New Year Traditions Around the World from Greece to China!

Posted on December 30, 2016 by

  • Baby New Year Tradition The tradition of using a baby to signify the New Year was started around 600 B.C by the ancient Greeks, who, at the start of a year would carry a baby around in anew-year-5 basket. The purpose of it was to honor Dionysus, the God of Fertility and symbolize his annual rebirth.
  • Hogmanay The New Year in Scotland is called Hogmanay. The people in Scotland follow a ritual that appears nutty but actually has a great significance. One can find barrels of tar set afire and gradually rolled down the streets in the villages of Scotland. This ritual symbolizes that the old year is burned up and New Year is going to begin.
  • Burning “Mr. Old Year” In Columbia, Cuba and Puerto Rico families stuff a life-size male doll with things and then they dress it up in old clothes from each family member. At the stroke of midnight, this ‘Mr. Old Year’ is set on fire. This is done with the simple belief that a doll thus stuffed have bad memories or sadness associated with them, and that the burning of these will help one to do away with all past grief’s and usher in happiness in life with the coming year.
  • Eating Noodles Late on the evening of December 3 1, people of Japan would eat a bowl of buckwheat noodles called “toshikoshisoba” (“year-crossing noodles”) and listen for the sound of the Buddhist temple bells, which were rung 108 times at midnight. The sound of these bells is said to purify the listeners of the 108 sins or evil passions that plague every human being.
  • Eating 12 Grapes In Spain people eat 12 grapes as the clock strikes midnight (one each time the clock chimes) on New Year’s Eve. This peculiar ritual originated in the twentieth century when freak weather conditions resulted in an unseasonable bumper harvest of grapes. Not able to decide what to do about so many grapes at Christmas time, the King of Spain and the grape growers came up with the idea of the New Year ritual.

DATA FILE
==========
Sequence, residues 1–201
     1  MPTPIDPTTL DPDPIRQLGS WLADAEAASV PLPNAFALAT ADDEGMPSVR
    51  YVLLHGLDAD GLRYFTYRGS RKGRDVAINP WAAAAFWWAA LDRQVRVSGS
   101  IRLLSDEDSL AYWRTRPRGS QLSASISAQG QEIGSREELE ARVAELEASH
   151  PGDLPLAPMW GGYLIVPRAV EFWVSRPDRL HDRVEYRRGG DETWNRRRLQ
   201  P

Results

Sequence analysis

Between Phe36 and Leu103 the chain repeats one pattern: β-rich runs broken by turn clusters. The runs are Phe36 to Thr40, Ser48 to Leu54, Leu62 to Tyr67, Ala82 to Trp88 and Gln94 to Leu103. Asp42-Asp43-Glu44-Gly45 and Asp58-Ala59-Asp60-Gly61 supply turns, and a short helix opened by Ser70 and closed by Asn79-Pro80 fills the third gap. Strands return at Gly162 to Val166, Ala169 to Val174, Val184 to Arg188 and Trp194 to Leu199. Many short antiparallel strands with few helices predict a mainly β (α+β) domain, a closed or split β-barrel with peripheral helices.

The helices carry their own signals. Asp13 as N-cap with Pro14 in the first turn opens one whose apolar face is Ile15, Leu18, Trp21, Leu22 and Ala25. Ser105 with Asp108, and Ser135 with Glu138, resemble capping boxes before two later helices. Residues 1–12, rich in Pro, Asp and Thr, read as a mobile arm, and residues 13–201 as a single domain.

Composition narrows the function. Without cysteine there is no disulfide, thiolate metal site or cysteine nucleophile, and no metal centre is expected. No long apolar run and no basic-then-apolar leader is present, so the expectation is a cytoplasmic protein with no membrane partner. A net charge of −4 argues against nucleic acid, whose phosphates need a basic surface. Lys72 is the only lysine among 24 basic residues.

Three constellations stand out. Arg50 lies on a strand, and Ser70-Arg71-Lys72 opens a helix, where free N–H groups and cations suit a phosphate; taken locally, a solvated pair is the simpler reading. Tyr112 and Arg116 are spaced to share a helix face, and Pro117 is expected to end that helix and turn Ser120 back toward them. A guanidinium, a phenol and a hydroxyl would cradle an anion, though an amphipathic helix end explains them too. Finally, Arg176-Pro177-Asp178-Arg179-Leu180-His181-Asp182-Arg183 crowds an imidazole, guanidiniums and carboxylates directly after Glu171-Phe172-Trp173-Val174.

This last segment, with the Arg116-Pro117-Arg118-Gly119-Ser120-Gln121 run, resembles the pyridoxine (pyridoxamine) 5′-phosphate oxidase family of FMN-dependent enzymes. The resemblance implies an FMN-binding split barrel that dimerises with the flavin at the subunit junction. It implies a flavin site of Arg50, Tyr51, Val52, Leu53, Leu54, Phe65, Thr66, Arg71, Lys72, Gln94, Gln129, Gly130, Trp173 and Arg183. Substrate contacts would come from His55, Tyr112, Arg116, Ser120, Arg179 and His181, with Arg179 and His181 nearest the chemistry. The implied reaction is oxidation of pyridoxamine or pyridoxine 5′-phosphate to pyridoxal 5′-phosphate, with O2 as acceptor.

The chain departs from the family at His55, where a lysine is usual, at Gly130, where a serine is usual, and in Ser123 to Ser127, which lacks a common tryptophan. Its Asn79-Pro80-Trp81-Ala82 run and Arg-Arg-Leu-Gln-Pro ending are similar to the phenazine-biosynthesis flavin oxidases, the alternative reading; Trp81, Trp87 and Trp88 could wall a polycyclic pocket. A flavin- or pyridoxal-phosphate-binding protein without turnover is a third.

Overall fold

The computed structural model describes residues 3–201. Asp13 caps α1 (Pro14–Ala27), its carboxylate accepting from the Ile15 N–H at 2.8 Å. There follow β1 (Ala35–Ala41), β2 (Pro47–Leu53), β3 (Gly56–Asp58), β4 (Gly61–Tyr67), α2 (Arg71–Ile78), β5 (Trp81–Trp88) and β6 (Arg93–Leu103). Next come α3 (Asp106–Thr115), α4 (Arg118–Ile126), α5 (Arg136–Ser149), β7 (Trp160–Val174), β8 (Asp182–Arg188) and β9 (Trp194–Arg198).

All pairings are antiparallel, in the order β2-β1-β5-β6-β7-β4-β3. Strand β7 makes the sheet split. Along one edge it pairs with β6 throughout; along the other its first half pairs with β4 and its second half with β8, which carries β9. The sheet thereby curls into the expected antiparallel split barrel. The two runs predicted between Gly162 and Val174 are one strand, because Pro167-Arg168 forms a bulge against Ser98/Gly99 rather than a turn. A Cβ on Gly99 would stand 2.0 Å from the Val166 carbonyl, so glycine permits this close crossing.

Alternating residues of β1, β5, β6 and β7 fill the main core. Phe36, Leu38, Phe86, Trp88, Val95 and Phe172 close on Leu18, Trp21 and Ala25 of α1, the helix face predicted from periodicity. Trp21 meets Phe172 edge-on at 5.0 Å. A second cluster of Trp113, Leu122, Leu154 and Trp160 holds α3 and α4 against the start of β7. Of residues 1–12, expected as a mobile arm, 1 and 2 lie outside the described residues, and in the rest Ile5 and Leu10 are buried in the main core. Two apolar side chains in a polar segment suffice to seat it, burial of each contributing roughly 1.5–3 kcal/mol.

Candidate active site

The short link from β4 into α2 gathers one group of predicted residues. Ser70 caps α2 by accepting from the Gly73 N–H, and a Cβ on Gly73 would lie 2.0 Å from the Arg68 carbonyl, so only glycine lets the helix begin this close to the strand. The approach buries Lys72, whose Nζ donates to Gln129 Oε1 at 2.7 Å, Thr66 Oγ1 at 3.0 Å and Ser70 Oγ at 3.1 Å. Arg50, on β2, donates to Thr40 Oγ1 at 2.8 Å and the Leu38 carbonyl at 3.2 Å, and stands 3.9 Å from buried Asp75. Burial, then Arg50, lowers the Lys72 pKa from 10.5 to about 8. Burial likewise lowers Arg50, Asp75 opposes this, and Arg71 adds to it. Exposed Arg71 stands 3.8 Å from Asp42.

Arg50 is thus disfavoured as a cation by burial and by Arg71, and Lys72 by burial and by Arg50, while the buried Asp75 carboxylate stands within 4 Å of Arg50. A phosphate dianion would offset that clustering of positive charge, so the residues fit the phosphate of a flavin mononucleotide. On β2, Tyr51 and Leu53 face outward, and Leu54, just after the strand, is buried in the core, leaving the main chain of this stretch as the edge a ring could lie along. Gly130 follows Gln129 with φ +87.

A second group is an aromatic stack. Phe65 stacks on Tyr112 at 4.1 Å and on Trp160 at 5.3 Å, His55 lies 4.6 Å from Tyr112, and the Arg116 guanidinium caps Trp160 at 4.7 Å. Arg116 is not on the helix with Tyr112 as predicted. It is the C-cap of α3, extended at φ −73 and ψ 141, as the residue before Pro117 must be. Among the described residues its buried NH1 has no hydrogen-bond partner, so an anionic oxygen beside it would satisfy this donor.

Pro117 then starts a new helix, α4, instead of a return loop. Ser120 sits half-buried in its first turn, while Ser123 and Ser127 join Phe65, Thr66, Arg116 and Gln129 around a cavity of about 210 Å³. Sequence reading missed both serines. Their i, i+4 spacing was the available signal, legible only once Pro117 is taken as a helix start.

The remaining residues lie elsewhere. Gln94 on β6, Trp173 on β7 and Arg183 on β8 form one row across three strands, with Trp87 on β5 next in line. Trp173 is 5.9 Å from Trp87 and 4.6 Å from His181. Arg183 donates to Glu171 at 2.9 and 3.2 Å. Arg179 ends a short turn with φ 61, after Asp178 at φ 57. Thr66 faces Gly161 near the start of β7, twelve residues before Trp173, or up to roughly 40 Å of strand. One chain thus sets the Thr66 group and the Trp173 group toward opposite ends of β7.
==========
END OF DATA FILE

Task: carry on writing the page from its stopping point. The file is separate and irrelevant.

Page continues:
• Gifts in Shoes In Greece children leave their shoes by the fireside on New Year’s Day (also the Festival of Saint Basil in Greece) with the hope that Saint Basil, who was famous for his kindness, will come and fill their shoes with gifts.
  • Carrying a Suitcase In Venezuela, Argentina, Bolivia, and Mexico, those with hopes of traveling in the New Year carry a suitcase around the house at midnight. Some even carry it around the block to ensure traveling at greater distances.
  • Burning Crackers The people in China believe that there are evil spirits that roam the earth. So on New Year they burn crackers to scare the evil spirits. The doors and windows of every home in china can be seen sealed with paper. This is to keep the evil demons out.

For more New Year’s Traditions – Check Out the

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